29. Pullarkat V, Sehgal A, Li L, Meng Z, Lin A, Forman S, Bhatia R. Deferasirox exposure induces reactive oxygen species and reduces growth and viability of myelodysplastic hematopoietic progenitors. Leuk Res. 2012; 36:966-73. https://doi.org/10.1016/j.leukres.2012.03.018.

30. Messa E, Carturan S, Maffe C, Pautasso M, Bracco E, Roetto A, Messa F, Arruga F, Defilippi I, Rosso V, Zanone C, Rotolo A, Greco E, et al. Deferasirox is a powerful NF-kappaB inhibitor in myelodysplastic cells and in leukemia cell lines acting independently from cell iron deprivation by chelation and reactive oxygen species scavenging. Haematologica. 2010; 95:1308-16. https://doi.org/10.3324/haematol.2009.016824.

31. Paubelle E, Zylbersztejn F, Alkhaeir S, Suarez F, Callens C, Dussiot M, Isnard F, Rubio MT, Damaj G, Gorin NC, Marolleau JP, Monteiro RC, Moura IC, et al. Deferasirox and vitamin D improves overall survival in elderly patients with acute myeloid leukemia after demethylating agents failure. PLoS One. 2013; 8:e65998. https://doi.org/10.1371/journal.pone.0065998.

32. Omidvar N, Kogan S, Beurlet S, le Pogam C, Janin A, West R, Noguera ME, Reboul M, Soulie A, Leboeuf C, Setterblad N, Felsher D, Lagasse E, et al. BCL-2 and mutant NRAS interact physically and functionally in a mouse model of progressive myelodysplasia. Cancer Res. 2007; 67:11657-67. https://doi.org/10.1158/0008-5472.CAN-07-0196.

33. Rassool FV, Gaymes TJ, Omidvar N, Brady N, Beurlet S, Pla M, Reboul M, Lea N, Chomienne C, Thomas NS, Mufti GJ, Padua RA. Reactive oxygen species, DNA damage, and error-prone repair: a model for genomic instability with progression in myeloid leukemia? Cancer Res. 2007; 67:8762-71. https://doi.org/10.1158/0008-5472.CAN-06-4807.

34. Yang WS, SriRamaratnam R, Welsch ME, Shimada K, Skouta R, Viswanathan VS, Cheah JH, Clemons PA, Shamji AF, Clish CB, Brown LM, Girotti AW, Cornish VW, et al. Regulation of ferroptotic cancer cell death by GPX4. Cell. 2014; 156:317-31. https://doi.org/10.1016/j.cell.2013.12.010.

35. Frisan E, Pawlikowska P, Pierre-Eugene C, Viallon V, Gibault L, Park S, Mayeux P, Dreyfus F, Porteu F, Fontenay M. p-ERK1/2 is a predictive factor of response to erythropoiesis-stimulating agents in low/int-1 myelodysplastic syndromes. Haematologica. 2010; 95:1964-8. https://doi.org/10.3324/haematol.2010.024349.

36. Zhang X, Camprecios G, Rimmele P, Liang R, Yalcin S, Mungamuri SK, Barminko J, D’Escamard V, Baron MH, Brugnara C, Papatsenko D, Rivella S, Ghaffari S. FOXO3-mTOR metabolic cooperation in the regulation of erythroid cell maturation and homeostasis. Am J Hematol. 2014; 89:954-63. https://doi.org/10.1002/ajh.23786.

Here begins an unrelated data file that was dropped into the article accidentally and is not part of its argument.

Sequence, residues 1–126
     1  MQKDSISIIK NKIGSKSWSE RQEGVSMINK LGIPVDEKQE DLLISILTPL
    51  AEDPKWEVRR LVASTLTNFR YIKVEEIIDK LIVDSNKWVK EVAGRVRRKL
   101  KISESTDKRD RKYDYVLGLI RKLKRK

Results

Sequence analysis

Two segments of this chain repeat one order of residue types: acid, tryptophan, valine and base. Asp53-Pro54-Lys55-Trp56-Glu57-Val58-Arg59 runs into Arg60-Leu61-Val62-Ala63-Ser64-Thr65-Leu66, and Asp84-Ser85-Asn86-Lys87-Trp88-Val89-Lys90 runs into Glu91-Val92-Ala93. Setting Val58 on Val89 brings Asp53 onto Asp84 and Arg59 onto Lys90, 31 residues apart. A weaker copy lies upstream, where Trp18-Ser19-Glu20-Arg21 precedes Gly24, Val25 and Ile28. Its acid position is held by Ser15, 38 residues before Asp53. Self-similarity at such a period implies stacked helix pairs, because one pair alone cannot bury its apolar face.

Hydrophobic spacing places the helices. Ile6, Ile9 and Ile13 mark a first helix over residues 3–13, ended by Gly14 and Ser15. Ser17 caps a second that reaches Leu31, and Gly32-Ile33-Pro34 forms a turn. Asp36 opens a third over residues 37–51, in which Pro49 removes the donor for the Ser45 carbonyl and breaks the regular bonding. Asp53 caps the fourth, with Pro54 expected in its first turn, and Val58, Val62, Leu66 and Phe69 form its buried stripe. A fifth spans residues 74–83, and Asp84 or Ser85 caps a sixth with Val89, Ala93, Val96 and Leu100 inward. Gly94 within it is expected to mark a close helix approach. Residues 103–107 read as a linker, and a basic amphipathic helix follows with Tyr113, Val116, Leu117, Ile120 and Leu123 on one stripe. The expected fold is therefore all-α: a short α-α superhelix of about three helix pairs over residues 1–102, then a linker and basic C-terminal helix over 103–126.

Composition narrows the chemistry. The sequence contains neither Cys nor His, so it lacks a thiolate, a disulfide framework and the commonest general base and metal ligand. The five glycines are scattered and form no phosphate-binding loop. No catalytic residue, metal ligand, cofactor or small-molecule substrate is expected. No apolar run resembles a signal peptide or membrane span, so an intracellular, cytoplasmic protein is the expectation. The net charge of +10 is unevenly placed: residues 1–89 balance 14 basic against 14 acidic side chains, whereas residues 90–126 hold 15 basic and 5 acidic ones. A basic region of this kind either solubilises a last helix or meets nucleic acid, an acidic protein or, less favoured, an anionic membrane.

37. Basiorka AA, McGraw KL, Eksioglu EA, Chen X, Johnson J, Zhang L, Zhang Q, Irvine BA, Cluzeau T, Sallman DA, Padron E, Komrokji R, Sokol L, et al. The NLRP3 inflammasome functions as a driver of the myelodysplastic syndrome phenotype. Blood. 2016; 128:2960-75. https://doi.org/10.1182/blood-2016-07-730556.

38. Kabe Y, Ando K, Hirao S, Yoshida M, Handa H. Redox regulation of NF-kappaB activation: distinct redox regulation between the cytoplasm and the nucleus. Antioxid Redox Signal. 2005; 7:395-403. https://doi.org/10.1089/ars.2005.7.395.

39. Meyer M, Schreck R, Baeuerle PA. H2O2 and antioxidants have opposite effects on activation of NF-kappa B and AP-1 in intact cells: AP-1 as secondary antioxidant-responsive factor. EMBO J. 1993; 12:2005-15.

40. Morgan MJ, Liu ZG. Crosstalk of reactive oxygen species and NF-kappaB signaling. Cell Res. 2011; 21:103-15. https://doi.org/10.1038/cr.2010.178.

41. Schoonbroodt S, Piette J. Oxidative stress interference with the nuclear factor-kappa B activation pathways. Biochem Pharmacol. 2000; 60:1075-83.

42. Harper R, Wu K, Chang MM, Yoneda K, Pan R, Reddy SP, Wu R. Activation of nuclear factor-kappa b transcriptional activity in airway epithelial cells by thioredoxin but not by N-acetyl-cysteine and glutathione. Am J Respir Cell Mol Biol. 2001; 25:178-85. https://doi.org/10.1165/ajrcmb.25.2.4471.

43. Matthews JR, Wakasugi N, Virelizier JL, Yodoi J, Hay RT. Thioredoxin regulates the DNA binding activity of NF-kappa B by reduction of a disulphide bond involving cysteine 62. Nucleic Acids Res. 1992; 20:3821-30.

44. Hirota K, Matsui M, Murata M, Takashima Y, Cheng FS, Itoh T, Fukuda K, Yodoi J. Nucleoredoxin, glutaredoxin, and thioredoxin differentially regulate NF-kappaB, AP-1, and CREB activation in HEK293 cells. Biochem Biophys Res Commun. 2000; 274:177-82. https://doi.org/10.1006/bbrc.2000.3106.

45. Hayashi T, Ueno Y, Okamoto T. Oxidoreductive regulation of nuclear factor kappa B. Involvement of a cellular reducing catalyst thioredoxin. J Biol Chem. 1993; 268:11380-8.

46. Garelius HK, Johnston WT, Smith AG, Park S, de Swart L, Fenaux P, Symeonidis A, Sanz G, Cermak J, Stauder R, Malcovati L, Mittelman M, van de Loosdrecht AA, et al. Erythropoiesis-stimulating agents significantly delay the onset of a regular transfusion need in nontransfused patients with lower-risk myelodysplastic syndrome. J Intern Med. 2017; 281:284-99. https://doi.org/10.1111/joim.12579.

47. Claessens YE, Bouscary D, Dupont JM, Picard F, Melle J, Gisselbrecht S, Lacombe C, Dreyfus F, Mayeux P, Fontenay-Roupie M. in vitro proliferation and differentiation of erythroid progenitors from patients with myelodysplastic syndromes: evidence for Fas-dependent apoptosis. Blood. 2002; 99:1594-601.

48. Panzenbock B, Bartunek P, Mapara MY, Zenke M. Growth and differentiation of human stem cell factor/erythropoietin-dependent erythroid progenitor cells in vitro. Blood. 1998; 92:3658-68.

Creative Commons License All site content, except where otherwise noted, is licensed under a Creative Commons Attribution 4.0 License.
PII: 22299